Skeletons at the Feast

By Perez Siller, Javier | UNESCO Courier, December 1989 | Go to article overview

Skeletons at the Feast


Perez Siller, Javier, UNESCO Courier


Skeletons at the feast

A unique blend of pre-Columbian and Hispanic myths, Mexico's Feast of the Dead brings together past and present, devotion and mockery, the commercial and the spiritual.

In October in the Mexican countryside, the crows flock in their thousands to peck at the fresh corncobs. The agricultural year has ended and it is time for the people to gather in the fruits of their labour and celebrate the fertility of the earth. It is also time to prepare for the Feast of the Dead.

This is the most important and popular of all Mexican fiestas. On 1 and 2 November (All Saints' Day and All Souls' Day), signs of the coming festivities appear in the city streets. Imitation skeletons are stationed in shop-windows, advertising a variety of products. Bakers sell the traditional "bread of the dead", decorated with shinbones made of flour and eggs. Market stalls are set up to sell toys, sweets and all sorts of delicacies whose shapes evoke death.

Newspapers publish supplements containing calaveras (death's-heads), illustrated verses in which well-known public figures are shown dead or in the great beyond. Continuing a tradition which dates back to the end of the nineteenth century, these verses with their musical cadences usually lampoon politicians or comment on current events and problems.

Children take part in the festivities. They run through the streets asking adults for money "for my death's-head" and show people objects they have made. Some of them carry elaborately decorated cardboard coffins from which dancing skeletons jump out, while others pierce holes in gourds to make eyes, nose and a big toothy mouth, and then light a candle inside them. Some even invent stories about creatures beyond the grave, or disguise themselves in cadaverous masks and go out into the streets to frighten the wits out of unsuspecting people. In the elegant districts of large cities it is common to find children and young people celebrating Hallowe'en in American style--a variation of the Celtic feast which originated in Ireland. These carousers are the most dangerous, for if they do not get what they want, they bombard homes and shops with bags of flour.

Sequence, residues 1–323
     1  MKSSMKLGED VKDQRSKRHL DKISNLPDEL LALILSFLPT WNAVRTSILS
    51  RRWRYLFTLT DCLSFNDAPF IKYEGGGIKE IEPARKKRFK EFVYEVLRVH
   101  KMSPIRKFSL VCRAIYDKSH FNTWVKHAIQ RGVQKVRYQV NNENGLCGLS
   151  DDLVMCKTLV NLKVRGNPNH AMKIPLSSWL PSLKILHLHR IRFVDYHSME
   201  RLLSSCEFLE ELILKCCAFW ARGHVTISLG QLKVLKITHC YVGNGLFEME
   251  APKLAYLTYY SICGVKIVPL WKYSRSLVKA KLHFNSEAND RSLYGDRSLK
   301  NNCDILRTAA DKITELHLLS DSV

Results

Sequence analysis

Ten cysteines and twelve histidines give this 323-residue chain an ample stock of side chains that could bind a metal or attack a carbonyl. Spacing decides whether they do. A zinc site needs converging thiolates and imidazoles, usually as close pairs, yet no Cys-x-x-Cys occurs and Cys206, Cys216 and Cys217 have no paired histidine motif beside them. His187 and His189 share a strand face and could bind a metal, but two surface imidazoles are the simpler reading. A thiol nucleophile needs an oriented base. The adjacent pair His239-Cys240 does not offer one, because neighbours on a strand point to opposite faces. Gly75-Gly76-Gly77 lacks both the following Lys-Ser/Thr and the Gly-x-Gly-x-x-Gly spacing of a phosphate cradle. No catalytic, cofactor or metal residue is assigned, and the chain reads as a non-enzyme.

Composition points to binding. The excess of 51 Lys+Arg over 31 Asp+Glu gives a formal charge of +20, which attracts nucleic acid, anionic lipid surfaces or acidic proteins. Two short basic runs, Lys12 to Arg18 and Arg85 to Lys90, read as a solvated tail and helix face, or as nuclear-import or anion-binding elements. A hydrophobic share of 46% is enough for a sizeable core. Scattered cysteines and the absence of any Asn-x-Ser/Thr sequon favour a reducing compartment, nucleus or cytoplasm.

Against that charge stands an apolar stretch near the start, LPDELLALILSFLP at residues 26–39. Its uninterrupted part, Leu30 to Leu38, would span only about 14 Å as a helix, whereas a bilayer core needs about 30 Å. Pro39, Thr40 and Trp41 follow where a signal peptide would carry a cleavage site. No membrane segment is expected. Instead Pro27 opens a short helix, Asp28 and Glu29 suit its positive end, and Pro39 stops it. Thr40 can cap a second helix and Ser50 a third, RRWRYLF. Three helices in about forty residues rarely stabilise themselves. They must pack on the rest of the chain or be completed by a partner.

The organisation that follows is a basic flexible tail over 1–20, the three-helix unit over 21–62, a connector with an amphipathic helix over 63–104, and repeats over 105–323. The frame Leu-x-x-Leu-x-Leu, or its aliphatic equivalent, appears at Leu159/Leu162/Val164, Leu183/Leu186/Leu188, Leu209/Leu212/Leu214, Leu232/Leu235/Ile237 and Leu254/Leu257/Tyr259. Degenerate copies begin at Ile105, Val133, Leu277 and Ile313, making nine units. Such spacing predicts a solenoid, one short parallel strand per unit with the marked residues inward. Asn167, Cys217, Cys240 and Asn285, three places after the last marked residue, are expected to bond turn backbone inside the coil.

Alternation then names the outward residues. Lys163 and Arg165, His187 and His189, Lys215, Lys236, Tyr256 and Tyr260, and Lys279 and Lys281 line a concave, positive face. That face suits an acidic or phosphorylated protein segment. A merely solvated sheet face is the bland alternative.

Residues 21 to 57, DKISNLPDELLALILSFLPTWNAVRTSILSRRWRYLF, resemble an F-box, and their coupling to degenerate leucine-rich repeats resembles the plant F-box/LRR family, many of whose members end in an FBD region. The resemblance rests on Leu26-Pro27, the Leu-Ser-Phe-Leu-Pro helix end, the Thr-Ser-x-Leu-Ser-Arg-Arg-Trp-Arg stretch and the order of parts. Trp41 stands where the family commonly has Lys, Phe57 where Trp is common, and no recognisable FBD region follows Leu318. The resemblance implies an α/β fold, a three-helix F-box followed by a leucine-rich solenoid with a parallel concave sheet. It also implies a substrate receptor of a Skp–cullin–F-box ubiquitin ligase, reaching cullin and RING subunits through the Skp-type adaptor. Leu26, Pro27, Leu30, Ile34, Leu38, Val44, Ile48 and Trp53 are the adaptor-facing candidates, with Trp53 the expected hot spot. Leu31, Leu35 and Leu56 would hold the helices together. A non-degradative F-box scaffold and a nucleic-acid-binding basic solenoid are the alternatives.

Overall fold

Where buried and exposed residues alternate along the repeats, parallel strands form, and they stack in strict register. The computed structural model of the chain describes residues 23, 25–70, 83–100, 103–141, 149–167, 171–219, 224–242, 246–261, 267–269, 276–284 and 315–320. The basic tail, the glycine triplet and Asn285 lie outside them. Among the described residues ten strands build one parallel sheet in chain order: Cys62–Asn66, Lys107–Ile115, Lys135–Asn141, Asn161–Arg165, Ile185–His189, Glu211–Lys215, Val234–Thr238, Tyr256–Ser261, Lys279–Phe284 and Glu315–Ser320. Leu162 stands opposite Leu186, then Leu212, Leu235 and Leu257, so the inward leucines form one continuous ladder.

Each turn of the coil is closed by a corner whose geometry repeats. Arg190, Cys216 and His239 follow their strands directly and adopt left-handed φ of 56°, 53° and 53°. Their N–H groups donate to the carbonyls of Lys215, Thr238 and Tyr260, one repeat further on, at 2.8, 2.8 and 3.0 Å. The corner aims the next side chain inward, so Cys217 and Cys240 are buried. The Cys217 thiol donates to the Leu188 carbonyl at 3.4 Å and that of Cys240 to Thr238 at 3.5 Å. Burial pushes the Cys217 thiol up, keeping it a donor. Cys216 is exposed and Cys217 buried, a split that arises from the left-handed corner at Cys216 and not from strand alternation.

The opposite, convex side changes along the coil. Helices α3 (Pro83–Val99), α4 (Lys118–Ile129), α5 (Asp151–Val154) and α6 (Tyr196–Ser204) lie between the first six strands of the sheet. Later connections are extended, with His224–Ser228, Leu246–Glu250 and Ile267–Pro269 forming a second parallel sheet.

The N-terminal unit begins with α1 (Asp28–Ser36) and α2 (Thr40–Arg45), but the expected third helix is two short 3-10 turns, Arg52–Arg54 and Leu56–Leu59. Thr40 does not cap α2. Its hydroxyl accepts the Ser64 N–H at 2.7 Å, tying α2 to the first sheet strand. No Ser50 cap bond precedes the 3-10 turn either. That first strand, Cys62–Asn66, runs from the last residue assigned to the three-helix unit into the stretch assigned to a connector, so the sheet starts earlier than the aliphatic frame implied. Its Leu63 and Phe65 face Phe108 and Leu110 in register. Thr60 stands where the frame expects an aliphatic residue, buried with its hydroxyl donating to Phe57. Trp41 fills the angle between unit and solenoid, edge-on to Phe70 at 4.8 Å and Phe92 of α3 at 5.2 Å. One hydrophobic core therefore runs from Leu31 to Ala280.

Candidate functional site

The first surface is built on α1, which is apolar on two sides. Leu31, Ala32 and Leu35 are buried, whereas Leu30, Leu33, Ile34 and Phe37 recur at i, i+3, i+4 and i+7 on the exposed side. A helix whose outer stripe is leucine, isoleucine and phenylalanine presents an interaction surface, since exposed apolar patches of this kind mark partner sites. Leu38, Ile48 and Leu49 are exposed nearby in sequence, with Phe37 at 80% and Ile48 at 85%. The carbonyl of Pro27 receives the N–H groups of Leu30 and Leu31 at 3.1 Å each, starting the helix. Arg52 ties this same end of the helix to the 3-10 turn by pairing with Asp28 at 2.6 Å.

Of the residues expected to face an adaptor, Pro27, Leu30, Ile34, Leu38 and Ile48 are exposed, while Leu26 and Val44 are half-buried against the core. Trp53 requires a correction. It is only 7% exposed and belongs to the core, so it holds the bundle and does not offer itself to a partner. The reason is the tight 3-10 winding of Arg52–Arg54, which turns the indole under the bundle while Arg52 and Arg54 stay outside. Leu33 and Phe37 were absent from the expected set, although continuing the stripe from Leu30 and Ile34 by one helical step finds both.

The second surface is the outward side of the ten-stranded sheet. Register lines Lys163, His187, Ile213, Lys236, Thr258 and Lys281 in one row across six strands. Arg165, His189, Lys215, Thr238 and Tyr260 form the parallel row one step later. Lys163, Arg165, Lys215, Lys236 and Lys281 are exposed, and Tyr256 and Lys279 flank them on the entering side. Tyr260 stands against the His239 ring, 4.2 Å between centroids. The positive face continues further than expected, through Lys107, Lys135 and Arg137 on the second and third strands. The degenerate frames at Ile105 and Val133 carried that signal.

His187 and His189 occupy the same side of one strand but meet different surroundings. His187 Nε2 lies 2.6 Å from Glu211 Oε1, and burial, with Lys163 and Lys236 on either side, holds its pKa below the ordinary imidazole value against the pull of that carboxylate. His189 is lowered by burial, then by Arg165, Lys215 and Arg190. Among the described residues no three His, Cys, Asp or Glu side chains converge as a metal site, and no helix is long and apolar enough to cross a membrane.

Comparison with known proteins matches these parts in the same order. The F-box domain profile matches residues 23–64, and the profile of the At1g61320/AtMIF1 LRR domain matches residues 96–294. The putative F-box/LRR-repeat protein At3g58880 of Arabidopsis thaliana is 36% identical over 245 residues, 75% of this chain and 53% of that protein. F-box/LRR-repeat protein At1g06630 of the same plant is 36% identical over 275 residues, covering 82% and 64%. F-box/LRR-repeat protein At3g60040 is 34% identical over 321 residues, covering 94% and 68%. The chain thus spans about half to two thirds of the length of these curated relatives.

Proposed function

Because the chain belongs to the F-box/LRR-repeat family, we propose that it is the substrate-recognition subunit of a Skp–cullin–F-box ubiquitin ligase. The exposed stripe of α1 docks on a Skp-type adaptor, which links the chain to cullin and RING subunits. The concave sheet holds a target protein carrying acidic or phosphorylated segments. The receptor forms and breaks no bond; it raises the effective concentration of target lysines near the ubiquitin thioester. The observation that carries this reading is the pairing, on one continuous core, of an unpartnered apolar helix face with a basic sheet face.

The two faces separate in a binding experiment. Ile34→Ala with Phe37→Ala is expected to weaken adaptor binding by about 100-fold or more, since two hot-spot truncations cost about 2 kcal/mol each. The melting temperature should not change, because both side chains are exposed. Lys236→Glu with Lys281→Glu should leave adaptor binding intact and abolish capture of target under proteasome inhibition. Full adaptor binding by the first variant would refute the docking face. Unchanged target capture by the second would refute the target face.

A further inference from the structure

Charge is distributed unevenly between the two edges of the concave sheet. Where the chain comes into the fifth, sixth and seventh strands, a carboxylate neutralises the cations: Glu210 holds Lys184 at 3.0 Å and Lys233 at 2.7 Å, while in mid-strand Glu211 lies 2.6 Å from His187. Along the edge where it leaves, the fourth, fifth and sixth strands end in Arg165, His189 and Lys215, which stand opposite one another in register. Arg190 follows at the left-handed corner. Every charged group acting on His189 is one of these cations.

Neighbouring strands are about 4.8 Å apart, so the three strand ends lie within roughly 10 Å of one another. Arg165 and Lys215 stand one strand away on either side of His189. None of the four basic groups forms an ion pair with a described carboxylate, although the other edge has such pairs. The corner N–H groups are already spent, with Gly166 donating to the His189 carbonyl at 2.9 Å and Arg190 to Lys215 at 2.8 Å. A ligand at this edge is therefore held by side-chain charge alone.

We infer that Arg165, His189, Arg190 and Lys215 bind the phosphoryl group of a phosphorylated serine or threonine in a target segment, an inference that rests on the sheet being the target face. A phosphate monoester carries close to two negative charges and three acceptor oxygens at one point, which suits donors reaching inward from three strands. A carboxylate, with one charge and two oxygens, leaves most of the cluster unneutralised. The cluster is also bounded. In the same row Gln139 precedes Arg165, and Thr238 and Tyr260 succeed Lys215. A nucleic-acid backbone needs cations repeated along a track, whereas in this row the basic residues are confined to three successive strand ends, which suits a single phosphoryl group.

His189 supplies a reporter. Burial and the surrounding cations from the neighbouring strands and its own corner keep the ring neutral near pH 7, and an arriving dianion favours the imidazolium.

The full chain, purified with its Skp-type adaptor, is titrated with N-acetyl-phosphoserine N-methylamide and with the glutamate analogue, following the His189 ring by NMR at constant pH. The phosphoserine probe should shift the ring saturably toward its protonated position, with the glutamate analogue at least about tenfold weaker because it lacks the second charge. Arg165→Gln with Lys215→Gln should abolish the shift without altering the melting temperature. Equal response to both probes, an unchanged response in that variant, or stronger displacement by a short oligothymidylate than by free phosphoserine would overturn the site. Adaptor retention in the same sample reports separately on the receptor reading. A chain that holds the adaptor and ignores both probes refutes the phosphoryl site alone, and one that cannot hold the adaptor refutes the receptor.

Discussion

A bewildering range of toys are evocative of death. They include calacas, wire and clay skeletons which jump and dance; skulls that grin when their jawbones are manipulated; jolly horsemen mounted on the skeletons of horses, and automats which at the turn of a handle bring to life the skeletons of acrobats, boxers, or tilicas--trembling, spineless joke skeletons. Many young men buy one of these puppets for their sweethearts. Others prefer to give sweets which confectioners make specially for the occasion--usually sugar or chocolate skulls with the beloved's name written across the forehead.

The fiesta also gives rise to a variety of cultural activities. In the big cities people go to exhibitions on death in the pre-Columbian world or to the theatre to enjoy the Calaveras de Posadas or the traditional play Don Juan Tenorio by the Spanish Romantic author Jose Zorrilla. On the night of 2 November wooden or cardboard puppet-skeletons bearing topical captions are displayed as part of a calavera competition held at Mixquic, a township near Mexico City.

As well as festivities in the city streets and competitions organized in the villages, there are popular dances and fairs at which people eat their fill, enjoy themselves, get drunk and defy death because "life is worthless". The festivities can take a violent and sometimes tragic turn when old quarrels flare up amid the shouting and the fumes of alcohol, and one or two of the living brutally join the dead.

The combination of festivity and commerce in the streets is the backdrop to more intimate celebrations of the cult of the dead. During the two days of the fiesta, people prepare to welcome their dead, to honour their memory and perform again the rites and ceremonies they learned in their families. …

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